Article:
Faced with spiralling costs, fed up consumers resort to stealing electricity
Durban - KWAZULU-NATAL consumers fed up with Eskom’s “looting, corruption and mismanagement” have resorted to stealing electricity as they cannot afford to pay the parastatal’s spiralling electricity tariffs.
This was the word of several community organisation leaders to the National Energy Regulator of South Africa (Nersa) which embarked on the provincial leg of its roadshow to engage with consumers after Eskom resubmitted its application for its Multi-Year Price Determination for the 2014/15, 2015/16 and 2016/17 financial years.
Eskom general manager Hasha Tlhotlhalemaje told the Gauteng leg of the roadshow on Tuesday that the application had been remitted again following a Pretoria High Court ruling in its favour in July which allowed it to recoup R69 billion in revenue that Nersa had earlier disallowed.
Sikwenzeleni Community Project representative Bongani Mthembu lambasted Eskom for the “large-scale looting” of the parastatal’s resources.
“People die due to illegal connections. There is a loss of dignity due to no connection to electricity. If you are a household with no electricity you are seen as if there is something not right with you,” he said. Mthembu said it appeared Eskom was intent on “milking” consumers through electricity price hikes but this was not sustainable.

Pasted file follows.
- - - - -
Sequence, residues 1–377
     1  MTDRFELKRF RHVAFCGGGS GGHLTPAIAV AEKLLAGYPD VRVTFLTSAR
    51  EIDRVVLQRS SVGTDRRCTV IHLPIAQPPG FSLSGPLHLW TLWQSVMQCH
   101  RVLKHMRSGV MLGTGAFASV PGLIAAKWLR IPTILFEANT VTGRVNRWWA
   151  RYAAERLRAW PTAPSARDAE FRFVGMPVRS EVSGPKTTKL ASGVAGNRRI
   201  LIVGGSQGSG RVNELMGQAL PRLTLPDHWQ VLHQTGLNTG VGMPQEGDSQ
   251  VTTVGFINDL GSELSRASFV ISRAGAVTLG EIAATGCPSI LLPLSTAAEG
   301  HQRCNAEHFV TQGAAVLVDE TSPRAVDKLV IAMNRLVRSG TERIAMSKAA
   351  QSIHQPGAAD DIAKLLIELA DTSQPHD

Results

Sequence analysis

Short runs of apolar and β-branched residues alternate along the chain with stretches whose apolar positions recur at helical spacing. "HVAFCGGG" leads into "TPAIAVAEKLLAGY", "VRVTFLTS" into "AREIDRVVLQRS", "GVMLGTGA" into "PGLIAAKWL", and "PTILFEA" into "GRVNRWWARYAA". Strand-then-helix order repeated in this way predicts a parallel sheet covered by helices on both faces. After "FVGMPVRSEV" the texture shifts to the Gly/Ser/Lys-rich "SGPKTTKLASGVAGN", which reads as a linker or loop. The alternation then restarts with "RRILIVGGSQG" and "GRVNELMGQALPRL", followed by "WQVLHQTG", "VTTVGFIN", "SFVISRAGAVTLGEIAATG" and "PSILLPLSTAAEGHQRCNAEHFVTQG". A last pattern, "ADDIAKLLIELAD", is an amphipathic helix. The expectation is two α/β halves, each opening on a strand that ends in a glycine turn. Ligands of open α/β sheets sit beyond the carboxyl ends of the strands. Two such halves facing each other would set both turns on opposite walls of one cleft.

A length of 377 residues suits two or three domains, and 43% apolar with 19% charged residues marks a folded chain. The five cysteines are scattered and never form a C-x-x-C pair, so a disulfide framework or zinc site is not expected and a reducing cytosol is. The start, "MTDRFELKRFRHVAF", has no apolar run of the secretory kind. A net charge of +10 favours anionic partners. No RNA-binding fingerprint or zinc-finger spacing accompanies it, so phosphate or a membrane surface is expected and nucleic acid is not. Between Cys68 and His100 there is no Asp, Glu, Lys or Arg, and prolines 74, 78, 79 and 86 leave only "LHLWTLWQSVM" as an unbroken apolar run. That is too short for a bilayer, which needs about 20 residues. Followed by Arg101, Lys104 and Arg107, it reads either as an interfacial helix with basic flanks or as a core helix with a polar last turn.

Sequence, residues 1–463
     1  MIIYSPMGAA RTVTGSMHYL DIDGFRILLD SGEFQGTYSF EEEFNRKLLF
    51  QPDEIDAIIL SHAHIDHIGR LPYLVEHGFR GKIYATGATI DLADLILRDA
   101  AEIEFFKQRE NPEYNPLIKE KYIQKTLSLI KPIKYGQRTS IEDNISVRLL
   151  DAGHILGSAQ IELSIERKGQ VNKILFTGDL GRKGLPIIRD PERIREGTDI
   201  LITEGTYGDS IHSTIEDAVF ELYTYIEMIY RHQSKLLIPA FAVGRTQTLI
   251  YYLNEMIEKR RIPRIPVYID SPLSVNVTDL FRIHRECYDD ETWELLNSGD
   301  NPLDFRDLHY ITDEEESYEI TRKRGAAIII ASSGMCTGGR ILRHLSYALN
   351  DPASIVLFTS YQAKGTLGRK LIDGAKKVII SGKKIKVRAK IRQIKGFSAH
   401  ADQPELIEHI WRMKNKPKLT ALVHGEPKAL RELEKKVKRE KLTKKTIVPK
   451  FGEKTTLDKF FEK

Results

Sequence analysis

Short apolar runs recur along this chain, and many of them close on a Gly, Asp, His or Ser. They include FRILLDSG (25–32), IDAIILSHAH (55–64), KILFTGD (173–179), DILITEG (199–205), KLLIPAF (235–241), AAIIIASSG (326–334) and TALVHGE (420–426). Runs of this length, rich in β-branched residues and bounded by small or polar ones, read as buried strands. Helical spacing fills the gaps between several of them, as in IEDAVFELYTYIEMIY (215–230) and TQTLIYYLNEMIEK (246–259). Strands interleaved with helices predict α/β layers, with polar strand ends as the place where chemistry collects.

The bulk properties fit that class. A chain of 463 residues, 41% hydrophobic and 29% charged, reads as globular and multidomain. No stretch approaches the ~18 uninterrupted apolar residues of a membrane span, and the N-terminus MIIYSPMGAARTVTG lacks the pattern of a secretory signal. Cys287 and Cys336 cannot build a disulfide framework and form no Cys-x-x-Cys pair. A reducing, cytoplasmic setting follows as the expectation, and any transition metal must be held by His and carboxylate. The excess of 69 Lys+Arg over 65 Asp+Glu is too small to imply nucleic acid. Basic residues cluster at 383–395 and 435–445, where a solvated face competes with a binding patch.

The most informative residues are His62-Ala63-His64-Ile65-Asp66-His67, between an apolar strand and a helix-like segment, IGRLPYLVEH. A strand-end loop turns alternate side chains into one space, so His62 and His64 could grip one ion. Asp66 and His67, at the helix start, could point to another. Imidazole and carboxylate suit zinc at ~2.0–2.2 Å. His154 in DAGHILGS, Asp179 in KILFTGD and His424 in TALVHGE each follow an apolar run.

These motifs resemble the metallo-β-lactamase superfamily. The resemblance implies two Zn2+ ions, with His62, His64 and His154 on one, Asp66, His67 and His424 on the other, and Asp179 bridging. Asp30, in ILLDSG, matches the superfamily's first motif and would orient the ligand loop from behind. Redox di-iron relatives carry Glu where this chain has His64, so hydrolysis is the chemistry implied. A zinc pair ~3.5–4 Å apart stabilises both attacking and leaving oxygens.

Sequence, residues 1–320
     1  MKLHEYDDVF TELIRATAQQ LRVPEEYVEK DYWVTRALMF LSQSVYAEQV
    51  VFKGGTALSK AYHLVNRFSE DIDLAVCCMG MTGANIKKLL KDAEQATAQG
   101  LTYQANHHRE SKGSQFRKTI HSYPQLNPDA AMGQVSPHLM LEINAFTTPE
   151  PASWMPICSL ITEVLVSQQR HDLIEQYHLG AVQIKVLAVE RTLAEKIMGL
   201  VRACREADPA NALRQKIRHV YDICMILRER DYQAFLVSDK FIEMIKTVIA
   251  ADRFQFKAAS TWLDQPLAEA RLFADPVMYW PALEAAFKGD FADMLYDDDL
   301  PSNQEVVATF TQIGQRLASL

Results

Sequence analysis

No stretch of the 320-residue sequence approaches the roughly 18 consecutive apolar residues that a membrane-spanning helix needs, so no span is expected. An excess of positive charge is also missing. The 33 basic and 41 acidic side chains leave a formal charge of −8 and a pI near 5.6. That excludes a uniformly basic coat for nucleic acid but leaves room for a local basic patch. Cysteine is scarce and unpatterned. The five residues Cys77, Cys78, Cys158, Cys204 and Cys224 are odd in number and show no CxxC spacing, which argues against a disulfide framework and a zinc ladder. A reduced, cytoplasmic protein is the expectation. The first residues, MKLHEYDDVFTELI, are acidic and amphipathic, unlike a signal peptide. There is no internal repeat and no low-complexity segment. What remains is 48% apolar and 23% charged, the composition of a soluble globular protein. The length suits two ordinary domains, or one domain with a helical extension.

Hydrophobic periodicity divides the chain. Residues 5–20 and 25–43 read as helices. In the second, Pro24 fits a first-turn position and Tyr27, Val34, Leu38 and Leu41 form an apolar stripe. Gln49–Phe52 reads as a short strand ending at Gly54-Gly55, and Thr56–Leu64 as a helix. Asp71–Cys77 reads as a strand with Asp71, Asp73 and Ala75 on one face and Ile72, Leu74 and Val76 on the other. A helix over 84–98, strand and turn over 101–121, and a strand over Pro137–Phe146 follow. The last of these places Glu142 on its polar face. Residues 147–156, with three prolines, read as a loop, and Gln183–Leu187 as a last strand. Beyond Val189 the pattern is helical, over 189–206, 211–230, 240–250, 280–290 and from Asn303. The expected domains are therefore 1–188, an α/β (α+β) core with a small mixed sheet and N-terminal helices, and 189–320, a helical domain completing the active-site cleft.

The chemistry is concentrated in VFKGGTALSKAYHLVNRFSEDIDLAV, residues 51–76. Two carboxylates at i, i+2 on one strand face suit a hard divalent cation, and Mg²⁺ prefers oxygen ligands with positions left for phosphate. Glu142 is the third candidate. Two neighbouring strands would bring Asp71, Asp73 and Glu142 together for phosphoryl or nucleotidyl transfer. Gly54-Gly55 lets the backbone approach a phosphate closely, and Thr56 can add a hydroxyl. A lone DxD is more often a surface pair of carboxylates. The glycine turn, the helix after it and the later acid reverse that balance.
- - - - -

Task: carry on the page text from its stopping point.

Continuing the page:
“There is large-scale looting at Eskom which has put all of us in this predicament. This looting has now involved people who steal electricity because the rich do it with impunity,” he said.
Dumisani Mvuyane, who told Nersa he represented people living with cancer and other terminal illnesses, said they struggled without electricity as they needed to keep their medication refrigerated.
He said SMMES had been forced to steal electricity because they could not afford the high tariffs.
He said consumers were also “distressed” by electricity billing problems and highlighted the plight of a consumers who had received bills of more than R23 000 and R10 600.
“This clearly shows that Eskom and the municipality are not doing what they are supposed to do. Municipalities are a big part of what communities are facing; they put a mark-up and do not make proper billing, they estimate.” South Durban Community Environmental Alliance (SDCEA) co-ordinator Desmond D’Sa criticised Eskom’s former executives for state capture and for “getting huge bonuses while workers were losing their jobs”.
“Tell Eskom they must move to a just transition where energy becomes cheaper and they provide electricity to the poor and take people off the grid. We need to get rid of those top managers who have huge fantastic salaries and get people with heart and soul who will work for the people,” he said.
Ubunye Bama Hostela representative Mvuso Ntombel said people were “sick and tired” of Eskom. He said poor people which included people of “all races” were forced to source electricity from Eskom while the rich had options.
Nersa full-time member for electricity Nhlanhla Gumede urged the public to send further comments via email to [email protected]